Magazine article E Magazine

Watching Whales ... and Poop

Magazine article E Magazine

Watching Whales ... and Poop

Article excerpt

From November to April, hundreds of thousands of tourists flock to whale-watching excursions in the Hawai'ian Islands Humpback Whale National Marine Sanctuary. Few of these visitors realize that their boats are dumping sewage directly into the sanctuary.

The ocean surrounding Maul provides one of the world's most important habitats for critically endangered humpback whales. Nearly two-thirds of the entire North Pacific population migrates to Hawai'i each winter for breeding, calving and nursing.

In 1997, the 1,218 square nautical miles of coastal and ocean waters around the main Hawai'ian Islands became a National Marine Sanctuary to protect these cetaceans. The federal sanctuary is one of 13 operated by the Department of Commerce's National Oceanic and Atmospheric Administration (NOAA).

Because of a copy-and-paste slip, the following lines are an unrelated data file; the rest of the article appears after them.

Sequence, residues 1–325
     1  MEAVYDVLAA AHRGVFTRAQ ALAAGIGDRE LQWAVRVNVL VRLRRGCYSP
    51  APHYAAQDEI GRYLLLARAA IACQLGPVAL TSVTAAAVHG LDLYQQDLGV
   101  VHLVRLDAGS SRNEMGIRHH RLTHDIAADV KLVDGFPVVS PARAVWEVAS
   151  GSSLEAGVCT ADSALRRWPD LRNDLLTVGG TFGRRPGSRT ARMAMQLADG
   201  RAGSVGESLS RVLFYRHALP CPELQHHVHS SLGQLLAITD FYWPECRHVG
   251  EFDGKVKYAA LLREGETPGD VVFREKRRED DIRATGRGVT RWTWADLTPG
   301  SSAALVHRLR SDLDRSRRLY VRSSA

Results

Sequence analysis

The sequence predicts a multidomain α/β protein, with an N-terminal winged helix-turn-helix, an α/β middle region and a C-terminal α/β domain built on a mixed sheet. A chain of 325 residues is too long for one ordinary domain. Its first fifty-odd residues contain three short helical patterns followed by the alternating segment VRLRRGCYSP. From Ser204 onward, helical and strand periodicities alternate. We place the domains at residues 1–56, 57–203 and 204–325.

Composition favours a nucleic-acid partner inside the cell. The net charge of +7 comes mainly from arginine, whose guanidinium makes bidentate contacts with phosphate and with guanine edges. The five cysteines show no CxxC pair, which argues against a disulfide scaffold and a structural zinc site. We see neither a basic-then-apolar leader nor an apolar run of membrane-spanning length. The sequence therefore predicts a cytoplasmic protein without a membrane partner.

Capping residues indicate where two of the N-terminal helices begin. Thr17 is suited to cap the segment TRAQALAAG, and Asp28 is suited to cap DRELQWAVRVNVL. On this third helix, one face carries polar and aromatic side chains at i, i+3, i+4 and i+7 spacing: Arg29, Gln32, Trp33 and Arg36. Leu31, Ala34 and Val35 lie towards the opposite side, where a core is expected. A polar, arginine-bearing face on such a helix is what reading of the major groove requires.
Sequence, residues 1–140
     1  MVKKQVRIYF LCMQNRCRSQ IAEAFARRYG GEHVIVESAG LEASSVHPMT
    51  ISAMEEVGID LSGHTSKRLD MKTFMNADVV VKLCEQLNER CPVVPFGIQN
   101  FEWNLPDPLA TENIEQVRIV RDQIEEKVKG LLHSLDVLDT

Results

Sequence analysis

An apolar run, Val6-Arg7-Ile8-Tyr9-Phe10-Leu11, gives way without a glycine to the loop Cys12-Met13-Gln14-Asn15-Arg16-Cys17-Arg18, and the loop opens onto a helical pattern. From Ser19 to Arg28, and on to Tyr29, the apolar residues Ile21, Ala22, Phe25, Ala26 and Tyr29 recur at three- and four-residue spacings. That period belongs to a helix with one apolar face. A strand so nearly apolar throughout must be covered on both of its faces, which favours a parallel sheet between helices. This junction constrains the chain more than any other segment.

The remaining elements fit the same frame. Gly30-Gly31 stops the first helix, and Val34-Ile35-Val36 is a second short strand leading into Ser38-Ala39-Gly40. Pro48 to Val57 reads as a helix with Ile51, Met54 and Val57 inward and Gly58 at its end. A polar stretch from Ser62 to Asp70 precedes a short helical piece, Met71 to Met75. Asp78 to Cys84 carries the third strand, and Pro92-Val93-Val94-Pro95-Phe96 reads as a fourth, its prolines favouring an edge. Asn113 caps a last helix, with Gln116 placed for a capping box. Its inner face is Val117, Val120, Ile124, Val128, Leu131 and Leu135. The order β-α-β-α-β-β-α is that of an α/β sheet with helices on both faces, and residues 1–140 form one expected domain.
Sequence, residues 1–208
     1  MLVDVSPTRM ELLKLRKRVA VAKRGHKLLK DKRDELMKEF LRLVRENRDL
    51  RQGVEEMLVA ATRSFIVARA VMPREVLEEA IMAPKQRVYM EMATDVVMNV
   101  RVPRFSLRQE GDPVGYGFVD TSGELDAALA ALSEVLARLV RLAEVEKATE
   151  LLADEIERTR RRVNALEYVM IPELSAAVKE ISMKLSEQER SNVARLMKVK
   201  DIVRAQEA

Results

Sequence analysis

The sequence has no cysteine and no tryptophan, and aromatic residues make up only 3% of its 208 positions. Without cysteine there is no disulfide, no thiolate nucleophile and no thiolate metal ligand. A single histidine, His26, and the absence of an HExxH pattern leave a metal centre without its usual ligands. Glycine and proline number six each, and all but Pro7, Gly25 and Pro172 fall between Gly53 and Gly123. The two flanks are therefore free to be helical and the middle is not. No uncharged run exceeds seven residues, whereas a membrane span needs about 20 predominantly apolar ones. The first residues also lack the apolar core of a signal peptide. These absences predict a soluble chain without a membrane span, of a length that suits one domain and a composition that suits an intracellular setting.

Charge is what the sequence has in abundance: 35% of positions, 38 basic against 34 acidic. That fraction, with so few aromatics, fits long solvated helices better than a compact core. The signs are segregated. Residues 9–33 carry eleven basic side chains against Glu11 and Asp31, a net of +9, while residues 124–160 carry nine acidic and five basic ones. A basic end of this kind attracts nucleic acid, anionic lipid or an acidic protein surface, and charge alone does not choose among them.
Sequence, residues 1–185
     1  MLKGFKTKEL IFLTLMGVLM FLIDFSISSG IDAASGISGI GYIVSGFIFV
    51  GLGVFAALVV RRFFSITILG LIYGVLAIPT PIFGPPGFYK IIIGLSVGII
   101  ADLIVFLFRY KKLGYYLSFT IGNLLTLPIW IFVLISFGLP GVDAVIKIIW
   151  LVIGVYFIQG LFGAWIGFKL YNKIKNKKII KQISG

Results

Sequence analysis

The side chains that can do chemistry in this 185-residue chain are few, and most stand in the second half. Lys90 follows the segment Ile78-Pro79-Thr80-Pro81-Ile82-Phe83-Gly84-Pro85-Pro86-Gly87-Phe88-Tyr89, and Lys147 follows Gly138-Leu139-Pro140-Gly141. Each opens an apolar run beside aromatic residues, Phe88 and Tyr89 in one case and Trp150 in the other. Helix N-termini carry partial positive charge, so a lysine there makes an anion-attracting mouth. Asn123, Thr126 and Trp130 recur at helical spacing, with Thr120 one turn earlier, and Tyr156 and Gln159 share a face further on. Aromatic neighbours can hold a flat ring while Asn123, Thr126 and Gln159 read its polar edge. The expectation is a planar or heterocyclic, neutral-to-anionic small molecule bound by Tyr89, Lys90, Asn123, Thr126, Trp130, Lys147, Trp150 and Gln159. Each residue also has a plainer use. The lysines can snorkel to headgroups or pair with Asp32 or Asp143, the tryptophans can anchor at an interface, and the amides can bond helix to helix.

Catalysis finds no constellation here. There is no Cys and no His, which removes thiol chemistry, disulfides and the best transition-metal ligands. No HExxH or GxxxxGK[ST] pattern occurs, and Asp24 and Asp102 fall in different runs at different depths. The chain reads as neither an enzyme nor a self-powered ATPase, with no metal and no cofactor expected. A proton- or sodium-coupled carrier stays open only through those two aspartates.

Hawai's Department of Land and Natural Resources (DLNR) is responsible for small boat harbors, most of which never received onshore waste pump-out facilities. DLNR engineers project February 2009 as a completion date for a permanent arterial pump-out facility at Maui's busiest harbor, Ma'alaea. For now, tour boat operators are legally allowed to discharge waste three miles from shore, and as much as 1,000 gallons goes into the water every day.

The five islands of Maui County provide a sheltered, bay-like setting ideal for commercial whale watching excursions along Maui's south and west shores. This arrangement, combined with the wind, waves and ocean currents, brings the swirling plumes released from boats' holding tanks directly into near-shore waters. …

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